I was working with a really nice couple Tom and Anna. They have two great kids, and wanted to move to a bigger house. Being in a good school district was important to them so we narrowed our search to a few select Toronto neighbourhoods. I showed them this nice four bedroom home, close to their school of choice and they instantly fell in love with the house. The problem was though, it was at the top end of their budget… and the house was priced for a bidding war. I could tell Tom and Anna were a little uncomfortable spending much more than the asking price, so later that night we sat down and put together a sound plan for our offer. I really wanted Tom and Anna to stay within their comfort zone and not get carried away with their offer price.
Fast forward to offer night, I was one of two competing offers. I called the listing agent ahead of time to get the rules and how the bidding process was going to work. The listing agent was well respected and a long time agent in the community and said that both offers would only have one shot to present their offer and the seller would choose the best offer.
Anytime I am in a multiple offer situation, I always want to be there in person to present the offer. I want to be able to look at the sellers in the eye and tell my client’s story, why they love the house and why they should accept our offer.
Deep down inside I knew there was a good chance the other offer had a higher price. So, when it was my turn to present our offer, I decided to highlight the “emotional” aspects our offer.
You see, the people who were selling this house… are my clients… only 20 years ago. You can tell from the photos on the wall, this has been their family home for many years with many happy family memories. This home is where their kids learned to ride their bikes, and had hours of fun playing basketball in the driveway… Their kids are now all grown up and out of the house. I can appreciate emotionally speaking, selling a home for the past twenty years might be a difficult one, so I was hoping my client’s story would resonate with them.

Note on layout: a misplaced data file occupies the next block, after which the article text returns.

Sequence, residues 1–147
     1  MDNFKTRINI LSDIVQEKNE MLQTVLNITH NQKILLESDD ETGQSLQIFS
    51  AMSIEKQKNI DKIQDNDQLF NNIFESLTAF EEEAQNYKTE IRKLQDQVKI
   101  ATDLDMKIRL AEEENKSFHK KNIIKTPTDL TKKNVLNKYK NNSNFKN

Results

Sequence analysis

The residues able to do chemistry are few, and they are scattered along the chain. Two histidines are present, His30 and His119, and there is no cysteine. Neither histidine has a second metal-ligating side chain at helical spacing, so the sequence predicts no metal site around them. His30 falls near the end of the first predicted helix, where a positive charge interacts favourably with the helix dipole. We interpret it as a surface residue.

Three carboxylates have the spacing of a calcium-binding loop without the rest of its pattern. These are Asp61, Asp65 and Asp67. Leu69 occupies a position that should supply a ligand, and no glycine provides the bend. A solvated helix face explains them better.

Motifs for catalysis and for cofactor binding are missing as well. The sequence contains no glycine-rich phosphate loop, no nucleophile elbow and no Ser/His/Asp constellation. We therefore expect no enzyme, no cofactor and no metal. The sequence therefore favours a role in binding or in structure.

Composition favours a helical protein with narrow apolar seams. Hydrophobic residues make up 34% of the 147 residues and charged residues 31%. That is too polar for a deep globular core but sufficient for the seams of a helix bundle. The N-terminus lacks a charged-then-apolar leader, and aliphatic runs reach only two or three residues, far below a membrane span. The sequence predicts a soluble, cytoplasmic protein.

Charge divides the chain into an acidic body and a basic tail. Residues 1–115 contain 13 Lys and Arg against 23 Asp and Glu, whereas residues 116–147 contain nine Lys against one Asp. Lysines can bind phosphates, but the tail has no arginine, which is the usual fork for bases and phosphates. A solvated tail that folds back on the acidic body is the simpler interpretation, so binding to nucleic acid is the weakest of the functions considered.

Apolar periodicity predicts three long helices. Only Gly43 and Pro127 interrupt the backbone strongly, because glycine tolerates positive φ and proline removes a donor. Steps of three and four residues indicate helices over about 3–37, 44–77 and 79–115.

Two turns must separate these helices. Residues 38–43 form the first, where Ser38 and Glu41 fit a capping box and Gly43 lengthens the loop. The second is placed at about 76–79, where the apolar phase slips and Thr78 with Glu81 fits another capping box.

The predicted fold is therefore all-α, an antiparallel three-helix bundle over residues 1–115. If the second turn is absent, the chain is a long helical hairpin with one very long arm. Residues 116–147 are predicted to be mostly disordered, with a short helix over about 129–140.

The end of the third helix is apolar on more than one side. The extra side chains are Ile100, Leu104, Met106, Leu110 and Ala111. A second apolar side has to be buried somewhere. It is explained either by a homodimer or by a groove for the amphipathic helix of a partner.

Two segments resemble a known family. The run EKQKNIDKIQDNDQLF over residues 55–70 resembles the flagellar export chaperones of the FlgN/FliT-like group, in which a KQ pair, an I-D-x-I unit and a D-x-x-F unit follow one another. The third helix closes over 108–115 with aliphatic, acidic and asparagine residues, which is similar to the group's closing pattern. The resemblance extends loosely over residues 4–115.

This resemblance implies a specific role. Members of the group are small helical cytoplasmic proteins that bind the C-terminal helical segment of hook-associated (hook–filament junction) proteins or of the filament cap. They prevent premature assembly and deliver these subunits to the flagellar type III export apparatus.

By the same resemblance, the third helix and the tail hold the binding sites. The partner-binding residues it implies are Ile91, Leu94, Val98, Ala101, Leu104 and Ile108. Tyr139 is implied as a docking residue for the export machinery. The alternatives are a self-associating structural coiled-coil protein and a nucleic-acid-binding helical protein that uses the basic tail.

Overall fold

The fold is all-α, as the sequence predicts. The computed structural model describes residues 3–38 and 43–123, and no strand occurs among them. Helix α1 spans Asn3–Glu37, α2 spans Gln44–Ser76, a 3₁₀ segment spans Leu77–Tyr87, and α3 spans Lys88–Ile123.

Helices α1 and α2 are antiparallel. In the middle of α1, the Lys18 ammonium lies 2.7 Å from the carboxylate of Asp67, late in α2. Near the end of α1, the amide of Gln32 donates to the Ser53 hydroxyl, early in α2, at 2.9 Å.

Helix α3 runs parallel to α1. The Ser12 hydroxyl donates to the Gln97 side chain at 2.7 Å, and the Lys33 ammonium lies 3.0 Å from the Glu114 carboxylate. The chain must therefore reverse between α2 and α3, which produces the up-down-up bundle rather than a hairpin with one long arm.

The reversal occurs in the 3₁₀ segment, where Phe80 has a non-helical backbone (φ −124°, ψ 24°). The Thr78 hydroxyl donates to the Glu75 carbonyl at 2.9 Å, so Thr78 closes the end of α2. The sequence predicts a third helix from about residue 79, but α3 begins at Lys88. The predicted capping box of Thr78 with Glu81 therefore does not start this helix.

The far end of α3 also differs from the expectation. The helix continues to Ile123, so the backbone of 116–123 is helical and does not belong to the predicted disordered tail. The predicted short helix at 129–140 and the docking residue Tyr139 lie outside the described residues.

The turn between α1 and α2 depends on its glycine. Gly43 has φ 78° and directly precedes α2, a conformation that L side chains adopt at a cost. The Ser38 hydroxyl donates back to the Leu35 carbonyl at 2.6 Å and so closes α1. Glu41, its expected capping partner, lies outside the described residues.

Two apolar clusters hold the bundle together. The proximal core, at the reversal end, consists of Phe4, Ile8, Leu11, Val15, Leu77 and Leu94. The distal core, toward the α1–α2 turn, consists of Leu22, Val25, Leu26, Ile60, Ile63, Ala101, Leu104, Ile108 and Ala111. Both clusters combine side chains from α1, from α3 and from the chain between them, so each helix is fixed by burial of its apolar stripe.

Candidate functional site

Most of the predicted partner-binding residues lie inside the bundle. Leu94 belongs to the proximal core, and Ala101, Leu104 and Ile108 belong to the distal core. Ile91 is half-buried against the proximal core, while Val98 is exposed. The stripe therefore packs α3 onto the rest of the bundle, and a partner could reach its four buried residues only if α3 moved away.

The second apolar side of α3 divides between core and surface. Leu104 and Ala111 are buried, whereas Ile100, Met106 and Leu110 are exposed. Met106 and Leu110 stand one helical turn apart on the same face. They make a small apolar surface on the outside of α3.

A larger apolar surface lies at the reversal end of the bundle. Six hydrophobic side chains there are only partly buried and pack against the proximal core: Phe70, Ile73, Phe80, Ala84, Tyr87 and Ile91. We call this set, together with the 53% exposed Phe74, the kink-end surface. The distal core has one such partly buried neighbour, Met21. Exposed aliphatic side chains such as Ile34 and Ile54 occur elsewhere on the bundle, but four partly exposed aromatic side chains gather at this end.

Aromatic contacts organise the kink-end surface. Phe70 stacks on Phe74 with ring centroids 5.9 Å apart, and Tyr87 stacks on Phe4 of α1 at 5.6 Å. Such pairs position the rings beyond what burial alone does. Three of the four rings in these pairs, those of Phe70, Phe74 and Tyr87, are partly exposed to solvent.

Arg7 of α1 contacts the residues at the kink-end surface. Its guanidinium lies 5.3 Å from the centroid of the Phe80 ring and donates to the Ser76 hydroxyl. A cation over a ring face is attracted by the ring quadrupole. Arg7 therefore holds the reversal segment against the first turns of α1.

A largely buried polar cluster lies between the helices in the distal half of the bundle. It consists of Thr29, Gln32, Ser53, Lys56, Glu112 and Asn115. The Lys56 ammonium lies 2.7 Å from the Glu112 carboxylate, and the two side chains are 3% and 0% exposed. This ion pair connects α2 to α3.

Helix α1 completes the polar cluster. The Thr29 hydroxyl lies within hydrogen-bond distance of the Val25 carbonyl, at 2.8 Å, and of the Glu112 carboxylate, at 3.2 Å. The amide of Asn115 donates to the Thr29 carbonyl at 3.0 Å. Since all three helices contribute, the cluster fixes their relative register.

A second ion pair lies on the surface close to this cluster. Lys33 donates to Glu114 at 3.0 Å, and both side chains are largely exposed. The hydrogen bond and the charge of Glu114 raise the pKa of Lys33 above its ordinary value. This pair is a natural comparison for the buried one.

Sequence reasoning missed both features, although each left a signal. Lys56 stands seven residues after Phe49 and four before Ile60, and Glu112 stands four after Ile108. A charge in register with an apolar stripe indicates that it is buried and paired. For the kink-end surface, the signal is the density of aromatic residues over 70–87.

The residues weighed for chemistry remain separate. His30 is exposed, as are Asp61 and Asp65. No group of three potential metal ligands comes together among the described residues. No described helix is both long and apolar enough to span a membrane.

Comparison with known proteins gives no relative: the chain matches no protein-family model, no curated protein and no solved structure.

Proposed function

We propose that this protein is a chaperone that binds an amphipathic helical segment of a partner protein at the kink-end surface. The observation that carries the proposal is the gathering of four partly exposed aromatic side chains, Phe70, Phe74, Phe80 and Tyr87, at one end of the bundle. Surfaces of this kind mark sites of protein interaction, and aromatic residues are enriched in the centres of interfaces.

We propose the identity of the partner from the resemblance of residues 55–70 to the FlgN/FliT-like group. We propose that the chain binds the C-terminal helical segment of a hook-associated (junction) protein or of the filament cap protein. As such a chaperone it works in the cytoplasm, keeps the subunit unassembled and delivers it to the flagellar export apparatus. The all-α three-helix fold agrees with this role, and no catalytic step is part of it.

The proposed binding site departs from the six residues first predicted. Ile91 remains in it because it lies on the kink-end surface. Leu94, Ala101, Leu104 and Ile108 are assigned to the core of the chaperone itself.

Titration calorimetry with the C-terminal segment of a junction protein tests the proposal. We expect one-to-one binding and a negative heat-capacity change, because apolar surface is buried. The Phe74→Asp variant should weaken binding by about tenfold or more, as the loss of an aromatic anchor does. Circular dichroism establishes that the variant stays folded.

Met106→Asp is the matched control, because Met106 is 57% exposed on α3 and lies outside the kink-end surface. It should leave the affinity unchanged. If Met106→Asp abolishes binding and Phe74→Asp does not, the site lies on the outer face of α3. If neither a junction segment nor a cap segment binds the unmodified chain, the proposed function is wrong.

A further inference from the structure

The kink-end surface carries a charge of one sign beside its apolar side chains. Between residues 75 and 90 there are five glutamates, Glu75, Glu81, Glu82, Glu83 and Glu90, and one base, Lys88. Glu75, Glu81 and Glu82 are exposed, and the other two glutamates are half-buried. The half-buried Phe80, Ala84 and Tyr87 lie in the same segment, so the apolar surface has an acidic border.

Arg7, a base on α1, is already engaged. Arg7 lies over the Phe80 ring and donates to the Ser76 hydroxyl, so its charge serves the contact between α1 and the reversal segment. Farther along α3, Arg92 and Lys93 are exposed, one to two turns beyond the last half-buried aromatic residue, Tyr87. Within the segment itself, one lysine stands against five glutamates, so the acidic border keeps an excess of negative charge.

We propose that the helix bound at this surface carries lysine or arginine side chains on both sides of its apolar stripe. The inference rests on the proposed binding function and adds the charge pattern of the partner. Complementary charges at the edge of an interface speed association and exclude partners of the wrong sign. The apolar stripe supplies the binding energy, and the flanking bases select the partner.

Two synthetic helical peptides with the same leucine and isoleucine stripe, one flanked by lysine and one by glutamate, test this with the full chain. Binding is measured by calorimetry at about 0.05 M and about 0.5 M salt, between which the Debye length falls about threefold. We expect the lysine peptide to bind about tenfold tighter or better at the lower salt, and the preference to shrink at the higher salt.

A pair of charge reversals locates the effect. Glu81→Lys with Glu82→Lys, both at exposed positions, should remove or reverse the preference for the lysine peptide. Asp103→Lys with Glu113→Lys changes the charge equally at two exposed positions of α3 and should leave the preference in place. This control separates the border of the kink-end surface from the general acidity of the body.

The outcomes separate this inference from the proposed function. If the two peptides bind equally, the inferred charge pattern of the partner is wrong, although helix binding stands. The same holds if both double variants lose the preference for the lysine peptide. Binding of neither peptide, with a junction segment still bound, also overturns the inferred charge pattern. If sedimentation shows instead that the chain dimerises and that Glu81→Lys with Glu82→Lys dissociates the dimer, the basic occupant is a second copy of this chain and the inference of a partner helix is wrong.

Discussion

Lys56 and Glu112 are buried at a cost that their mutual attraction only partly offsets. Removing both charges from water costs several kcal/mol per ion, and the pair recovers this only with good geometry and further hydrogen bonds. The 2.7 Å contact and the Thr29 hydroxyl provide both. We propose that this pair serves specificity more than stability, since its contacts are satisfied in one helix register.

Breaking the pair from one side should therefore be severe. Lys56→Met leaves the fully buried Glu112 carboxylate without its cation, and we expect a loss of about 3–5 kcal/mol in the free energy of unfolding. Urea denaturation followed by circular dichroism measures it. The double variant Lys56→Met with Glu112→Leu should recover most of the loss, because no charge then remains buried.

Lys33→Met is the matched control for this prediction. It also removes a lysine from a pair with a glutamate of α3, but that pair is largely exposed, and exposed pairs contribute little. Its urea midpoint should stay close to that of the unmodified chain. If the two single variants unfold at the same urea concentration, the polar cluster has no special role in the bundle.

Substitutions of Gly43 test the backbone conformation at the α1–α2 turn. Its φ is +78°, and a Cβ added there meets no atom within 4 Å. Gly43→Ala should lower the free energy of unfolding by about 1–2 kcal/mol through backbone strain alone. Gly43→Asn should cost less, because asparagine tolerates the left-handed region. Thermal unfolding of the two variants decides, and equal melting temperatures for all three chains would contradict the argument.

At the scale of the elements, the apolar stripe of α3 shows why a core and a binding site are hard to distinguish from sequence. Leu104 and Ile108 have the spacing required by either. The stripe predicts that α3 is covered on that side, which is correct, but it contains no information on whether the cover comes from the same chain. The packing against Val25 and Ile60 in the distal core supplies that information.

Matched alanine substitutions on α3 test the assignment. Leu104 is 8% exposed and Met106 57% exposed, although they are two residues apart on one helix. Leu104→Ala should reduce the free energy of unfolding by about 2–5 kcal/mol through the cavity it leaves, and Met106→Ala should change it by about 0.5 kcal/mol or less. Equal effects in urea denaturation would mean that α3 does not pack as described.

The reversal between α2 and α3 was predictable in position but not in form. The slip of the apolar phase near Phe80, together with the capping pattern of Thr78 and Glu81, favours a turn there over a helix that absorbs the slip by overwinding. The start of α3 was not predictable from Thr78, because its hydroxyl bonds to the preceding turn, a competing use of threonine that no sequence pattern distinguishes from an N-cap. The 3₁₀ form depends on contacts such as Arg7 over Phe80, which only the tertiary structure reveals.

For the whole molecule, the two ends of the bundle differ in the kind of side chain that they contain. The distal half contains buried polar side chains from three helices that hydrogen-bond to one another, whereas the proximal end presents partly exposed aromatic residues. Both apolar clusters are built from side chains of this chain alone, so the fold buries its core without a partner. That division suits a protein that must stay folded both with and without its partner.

I proceeded to tell them how wonderful my clients were and how this would be their family home, just like theirs was for the past twenty years. Their kids are about the same age as theirs were when they moved in…
I could tell that my client’s story struck a cord with the sellers. They loved the idea that a “younger version” of them was buying the house. We proceeded to review our offer and I highlighted many of the positive features. When they looked at the price, I could also tell from their reaction that we were in second position. They wanted our offer so badly to be higher than the other one.
After reviewing the offer, they wanted a couple of minutes to discuss both offers and let us know their final decision. I waited in a separate meeting room, which felt like an eternity. Over twenty minutes go by and the listing agent comes into the meeting room to give me an update... She says: “They’re still mulling it over. They really like you and your clients. Although the other offer is quite a bit higher than yours.”
I was surprised they were taking this long to decide. That meant we still had a shot! I asked the agent if I could go back and say a few final words to the sellers (to help push our offer over the top). She said her sellers really wanted to discuss it privately.
Interestingly the listing agent added: “You’re good. The way you presented that offer was great. It seemed so genuine and sincere.” I replied: “Thank you, I appreciate that… it was genuine and sincere! I really meant everything I said in there.”
The listing agent’s phone buzzes and goes back to see her sellers.
Another 10 minutes go by and the listing agent comes to the meeting room where I am sitting and says: “Great offer. However the sellers are going to accept the other offer.”
My clients were disappointed they didn’t get this house. But, they did make their best offer and were ok with the outcome.